Description of Virus/trojan/spyware/adware

Discussion in 'privacy general' started by Peaches4U, Nov 25, 2003.

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  1. Peaches4U

    Peaches4U Registered Member

    Nov 22, 2002
    At my computer
    Here is a description of a trojan, a virus, spyware & adware ... Hope this info. will be beneficial especially to newbies to computers. :)

    Trojan Horse Programs
    A Trojan horse program is not a virus. The key distinction between a virus and a Trojan horse program is that a Trojan horse program does not replicate itself; it only destroys information on the hard disk.

    A Trojan horse program disguises itself as a legitimate program such as a game or utility. A Trojan horse program often looks and initially acts like a legitimate program, but once it is executed, it can destroy or scramble data. A Trojan horse program can contain viruses, but is not a virus itself.

    The Aids Information, Twelve Tricks A and B, and Darth Vader programs are examples of Trojan horse programs.

    Description of Computer Viruses

    A computer virus is an executable file designed to replicate itself and avoid detection. A virus may try to avoid detection by disguising itself as a legitimate program. Viruses are often rewritten and adjusted so that they will not be detected. Anti-virus programs must be updated continuous- ly to look for new and modified viruses. Viruses are the number-one method of computer vandalism.

    The first computer viruses were designed by programmers who wanted to show off their programming skills and to demonstrate how easily computer security systems could be infiltrated. Today, viruses are made to corrupt or scramble data on a computer's hard disk in the file allocation table (FAT), boot sector, data files, or program files.

    There are over 5000 known viruses, and new virus strains continue to show up regularly. The rate of virus infection is also increasing.
    "Spyware is the name which was given to software that - without the user of the program knowing that the software performs this kind of action - traces the user's usage of the internet and send this information - again without the user knowing this is happening - to a computer ("Server") designated by the developer of the Spyware software.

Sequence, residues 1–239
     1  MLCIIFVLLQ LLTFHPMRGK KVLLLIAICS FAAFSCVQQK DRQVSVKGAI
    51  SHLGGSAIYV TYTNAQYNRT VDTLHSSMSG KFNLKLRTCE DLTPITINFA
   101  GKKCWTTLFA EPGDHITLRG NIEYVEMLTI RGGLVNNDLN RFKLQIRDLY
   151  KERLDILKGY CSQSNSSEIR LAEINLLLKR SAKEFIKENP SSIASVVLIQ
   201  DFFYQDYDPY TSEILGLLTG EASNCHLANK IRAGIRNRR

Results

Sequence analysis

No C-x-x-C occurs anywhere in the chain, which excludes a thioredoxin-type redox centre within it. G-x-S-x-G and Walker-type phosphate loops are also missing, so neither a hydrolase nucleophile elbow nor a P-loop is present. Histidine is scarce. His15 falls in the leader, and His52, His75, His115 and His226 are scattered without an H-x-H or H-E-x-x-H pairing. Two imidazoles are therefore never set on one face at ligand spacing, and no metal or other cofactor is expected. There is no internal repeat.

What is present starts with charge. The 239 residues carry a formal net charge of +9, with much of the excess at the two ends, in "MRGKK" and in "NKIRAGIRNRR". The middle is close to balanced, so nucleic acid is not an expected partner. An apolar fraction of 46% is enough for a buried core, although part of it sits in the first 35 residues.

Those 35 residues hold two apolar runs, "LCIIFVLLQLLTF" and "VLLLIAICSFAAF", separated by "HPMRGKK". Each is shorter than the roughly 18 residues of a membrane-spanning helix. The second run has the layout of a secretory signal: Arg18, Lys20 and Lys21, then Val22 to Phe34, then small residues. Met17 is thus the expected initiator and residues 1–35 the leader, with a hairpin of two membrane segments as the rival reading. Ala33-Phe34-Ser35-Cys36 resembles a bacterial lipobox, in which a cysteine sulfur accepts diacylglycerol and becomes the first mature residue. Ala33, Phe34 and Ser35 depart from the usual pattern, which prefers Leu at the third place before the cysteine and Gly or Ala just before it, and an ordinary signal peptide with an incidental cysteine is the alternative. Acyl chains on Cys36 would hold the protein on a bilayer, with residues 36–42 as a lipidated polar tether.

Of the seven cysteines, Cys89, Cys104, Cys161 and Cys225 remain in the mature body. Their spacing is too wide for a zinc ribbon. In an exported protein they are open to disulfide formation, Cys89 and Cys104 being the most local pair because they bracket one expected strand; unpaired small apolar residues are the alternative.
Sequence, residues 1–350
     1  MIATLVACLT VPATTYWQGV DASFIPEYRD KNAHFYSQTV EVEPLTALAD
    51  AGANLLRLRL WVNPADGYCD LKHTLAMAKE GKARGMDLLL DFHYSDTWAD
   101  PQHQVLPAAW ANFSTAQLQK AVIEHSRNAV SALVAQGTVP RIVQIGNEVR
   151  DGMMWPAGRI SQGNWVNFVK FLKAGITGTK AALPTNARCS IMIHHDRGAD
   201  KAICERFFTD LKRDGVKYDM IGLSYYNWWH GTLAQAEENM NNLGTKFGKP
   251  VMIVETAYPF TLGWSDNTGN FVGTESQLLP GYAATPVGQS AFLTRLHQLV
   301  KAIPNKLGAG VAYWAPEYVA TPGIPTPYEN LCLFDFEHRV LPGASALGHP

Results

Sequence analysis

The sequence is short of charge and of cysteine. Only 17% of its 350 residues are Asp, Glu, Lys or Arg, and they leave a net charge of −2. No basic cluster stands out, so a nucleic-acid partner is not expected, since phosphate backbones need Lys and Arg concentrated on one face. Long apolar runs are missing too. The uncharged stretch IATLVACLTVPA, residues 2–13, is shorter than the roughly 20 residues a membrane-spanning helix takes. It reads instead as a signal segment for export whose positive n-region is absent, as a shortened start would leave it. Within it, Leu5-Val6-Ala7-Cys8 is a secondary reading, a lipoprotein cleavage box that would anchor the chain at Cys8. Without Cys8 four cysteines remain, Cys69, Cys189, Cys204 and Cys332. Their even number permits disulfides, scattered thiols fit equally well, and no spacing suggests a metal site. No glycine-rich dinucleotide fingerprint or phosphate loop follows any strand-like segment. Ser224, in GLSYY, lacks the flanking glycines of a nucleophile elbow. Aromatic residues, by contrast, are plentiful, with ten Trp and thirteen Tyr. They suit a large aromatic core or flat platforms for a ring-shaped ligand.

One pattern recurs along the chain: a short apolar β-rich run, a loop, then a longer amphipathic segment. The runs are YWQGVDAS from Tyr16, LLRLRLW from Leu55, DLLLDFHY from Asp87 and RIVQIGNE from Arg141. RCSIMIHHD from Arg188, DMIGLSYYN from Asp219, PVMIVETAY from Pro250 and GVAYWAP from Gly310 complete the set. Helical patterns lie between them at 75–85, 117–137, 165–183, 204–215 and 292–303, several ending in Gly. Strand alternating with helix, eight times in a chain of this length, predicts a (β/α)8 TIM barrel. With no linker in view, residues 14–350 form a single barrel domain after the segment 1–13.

"By performing these actions, detailed userprofiles may be collected - without the user's knowledge and approval - which then can be used for commercial or other purposes. By gathering and sending this information both resources on the user's computer as well as bandwidth on the Internet is abusively used, not to mention the breach of privacy such a userprofile would be."...
    Of course it is ultimately the consumer's choice whether or not to install software that contains advertising modules or third party DLLs, and as long as a privacy policy clearly states what is expected from and what will be gathered from the user, before anything is installed, there can be no argument made for misuse. However, it is in the best interest of any consumer to try adware where the advertising is contained in files which are a part of the program and the program neither installs advertising modules that contact third parties nor gathers personal information, or try ad-free shareware instead by testing a trial version of a product for a specified period of time, then either agreeing to or declining the purchase of the product's software license after the trial period has expired. Since both the consumer and seller benefits from this arrangement the installation of advertising modules and/or the process of gathering personal information is unnecessary; but as long as advertising and/or the gathering of personal identifying information for marketing purposes and profit is a reality in today's internet and software world, we need the cooperation of all companies in protecting the privacy of all consumers.
  2. JayK

    JayK Poster

    Dec 27, 2002
    What's a worm?

    What's a keylogger?

    What's a driveby download?

    What's a homepage hijacker?
  3. Detox

    Detox Retired Moderator

    Feb 9, 2002
    Texas, USA

    I think she covered her subject line here.
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